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For people looking for garden designers in Glasgow or elsewhere, one of the first areas of confusion is the difference between garden designers and landscape architects. As a general rule, landscape architects tend to look after commercial scale projects often in the public realm, whereas garden designers tend to look after residential garden designs. 

Autumn is a busy time for gardeners and garden designers, with only a few weeks left of long days our minds are focused on the winter nights ahead. Glasgow has experienced a couple of mild wet autumns and winters of recent, so it will be interesting to see what happens this year. Despite the occasionally inclement weather I have to say that this is my favourite time of the year for working in the garden, and for garden-owners, you can consider autumn to be the best time to set the ball rolling on new garden designs and planting plans. 

Has your garden survived the dry spells this summer? And what about the biblical downpours that we have had in Glasgow too?! As with everyone else, garden designers in Glasgow have had a challenging season thanks to lockdown, but the weather has actually done us a few favours. And now is actually a good time to make some strides in your list of garden jobs and to guard against future extreme weather.

The spring flush is behind us now - this combination of warm and damp conditions heralds the start of around six to eight weeks of rapid plant growth, when you should try not to get too downhearted about not keeping up with the weeds or rapidly growing grass! In my own garden, I keep the grass cut and I simply hoe and turn weeds into the soil to keep on top of things, and then before you know it the plants and grass have started slowing down again. It is easy to think that everything grows at the rate of knots from spring to autumn, but they don’t.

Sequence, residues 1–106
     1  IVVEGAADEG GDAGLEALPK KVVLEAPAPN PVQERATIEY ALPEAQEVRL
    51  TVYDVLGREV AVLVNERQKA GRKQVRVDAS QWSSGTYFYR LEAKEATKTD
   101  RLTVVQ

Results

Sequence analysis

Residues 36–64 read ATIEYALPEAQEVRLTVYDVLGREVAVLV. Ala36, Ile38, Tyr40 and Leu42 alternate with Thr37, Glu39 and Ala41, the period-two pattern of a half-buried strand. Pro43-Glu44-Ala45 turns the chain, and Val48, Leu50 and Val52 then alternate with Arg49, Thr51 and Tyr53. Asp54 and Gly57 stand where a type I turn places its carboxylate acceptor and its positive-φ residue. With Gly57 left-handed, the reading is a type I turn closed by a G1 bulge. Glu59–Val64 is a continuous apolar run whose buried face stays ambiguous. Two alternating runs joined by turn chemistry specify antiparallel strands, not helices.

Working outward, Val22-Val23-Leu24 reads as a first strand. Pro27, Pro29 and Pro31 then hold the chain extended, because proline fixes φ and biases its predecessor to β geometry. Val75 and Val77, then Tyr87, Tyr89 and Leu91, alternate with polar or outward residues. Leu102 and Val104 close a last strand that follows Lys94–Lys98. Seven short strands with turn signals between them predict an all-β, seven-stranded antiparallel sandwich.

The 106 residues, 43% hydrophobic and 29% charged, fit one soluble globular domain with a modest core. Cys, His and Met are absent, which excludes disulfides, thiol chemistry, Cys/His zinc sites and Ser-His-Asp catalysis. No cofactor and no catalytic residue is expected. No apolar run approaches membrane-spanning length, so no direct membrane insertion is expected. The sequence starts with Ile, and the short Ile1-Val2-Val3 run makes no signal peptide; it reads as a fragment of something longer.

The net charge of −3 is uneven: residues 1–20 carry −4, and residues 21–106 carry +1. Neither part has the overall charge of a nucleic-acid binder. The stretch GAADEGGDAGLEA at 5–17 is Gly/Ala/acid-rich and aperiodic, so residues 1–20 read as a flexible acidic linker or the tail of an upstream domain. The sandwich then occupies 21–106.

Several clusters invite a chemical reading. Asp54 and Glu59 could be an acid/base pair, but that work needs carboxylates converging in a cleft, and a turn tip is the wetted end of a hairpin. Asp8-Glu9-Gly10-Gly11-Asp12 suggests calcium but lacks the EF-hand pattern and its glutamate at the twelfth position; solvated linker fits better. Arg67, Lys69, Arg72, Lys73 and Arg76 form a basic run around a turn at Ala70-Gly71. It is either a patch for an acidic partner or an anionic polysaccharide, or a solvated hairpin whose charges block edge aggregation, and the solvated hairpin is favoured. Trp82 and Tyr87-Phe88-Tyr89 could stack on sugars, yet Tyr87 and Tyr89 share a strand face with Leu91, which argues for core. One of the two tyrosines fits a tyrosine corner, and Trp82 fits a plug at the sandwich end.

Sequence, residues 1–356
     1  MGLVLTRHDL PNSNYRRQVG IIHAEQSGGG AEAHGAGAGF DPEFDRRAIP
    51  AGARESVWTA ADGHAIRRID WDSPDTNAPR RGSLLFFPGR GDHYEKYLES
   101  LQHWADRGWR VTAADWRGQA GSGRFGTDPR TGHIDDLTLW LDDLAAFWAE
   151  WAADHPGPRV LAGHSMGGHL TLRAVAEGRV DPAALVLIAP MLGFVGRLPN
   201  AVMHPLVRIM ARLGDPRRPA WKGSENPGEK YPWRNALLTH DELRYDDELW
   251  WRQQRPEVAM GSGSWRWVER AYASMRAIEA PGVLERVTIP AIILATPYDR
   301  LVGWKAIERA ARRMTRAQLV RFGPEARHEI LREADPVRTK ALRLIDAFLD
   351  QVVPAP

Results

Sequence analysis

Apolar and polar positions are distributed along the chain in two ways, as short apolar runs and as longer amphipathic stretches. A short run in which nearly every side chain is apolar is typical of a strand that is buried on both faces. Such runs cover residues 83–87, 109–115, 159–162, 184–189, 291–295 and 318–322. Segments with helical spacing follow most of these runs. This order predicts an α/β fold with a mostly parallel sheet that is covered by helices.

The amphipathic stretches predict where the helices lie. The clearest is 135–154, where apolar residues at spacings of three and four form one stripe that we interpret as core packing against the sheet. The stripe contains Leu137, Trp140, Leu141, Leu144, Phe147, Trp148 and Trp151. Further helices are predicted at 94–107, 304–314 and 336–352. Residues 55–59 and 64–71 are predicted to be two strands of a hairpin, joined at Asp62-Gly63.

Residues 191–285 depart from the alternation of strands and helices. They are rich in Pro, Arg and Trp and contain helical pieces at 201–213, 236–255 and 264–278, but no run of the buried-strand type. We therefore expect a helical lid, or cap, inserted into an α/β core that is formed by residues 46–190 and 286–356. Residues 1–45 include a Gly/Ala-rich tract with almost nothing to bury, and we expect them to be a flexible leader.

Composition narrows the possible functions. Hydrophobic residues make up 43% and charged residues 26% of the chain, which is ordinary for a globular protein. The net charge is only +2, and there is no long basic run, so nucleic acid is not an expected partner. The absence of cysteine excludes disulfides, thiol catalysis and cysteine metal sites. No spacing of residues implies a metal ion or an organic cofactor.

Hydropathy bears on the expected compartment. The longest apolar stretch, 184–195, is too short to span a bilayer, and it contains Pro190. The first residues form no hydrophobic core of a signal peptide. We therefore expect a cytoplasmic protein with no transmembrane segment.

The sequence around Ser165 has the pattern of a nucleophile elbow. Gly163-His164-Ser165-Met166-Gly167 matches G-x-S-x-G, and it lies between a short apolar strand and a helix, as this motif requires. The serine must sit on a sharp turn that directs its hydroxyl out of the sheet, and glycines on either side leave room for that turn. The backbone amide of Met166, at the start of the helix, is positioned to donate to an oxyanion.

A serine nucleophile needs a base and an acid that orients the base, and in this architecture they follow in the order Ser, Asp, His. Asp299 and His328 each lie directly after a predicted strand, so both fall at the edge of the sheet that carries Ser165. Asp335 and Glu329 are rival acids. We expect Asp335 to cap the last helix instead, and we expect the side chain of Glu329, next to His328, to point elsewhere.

Tom provides a tree planting and hedge planting service in the Glasgow area throughout the year. The best time to plant trees and hedges is during the dormant season over the winter, but both trees and hedges are supplied as bare-root and root-ball plants.

A 'planter' is simply a word for a decorative plant pot or container. Styles are myriad, so whether you are on the look out for urban planters or more traditional-style planters there is something to suit you. Using containers for your plants allows you ultimate versatility, increased accessibility, flexibility and less weeding. Planters and window-boxes are as popular in Glasgow as they are anywhere else, and increasingly popular with long-term renters.

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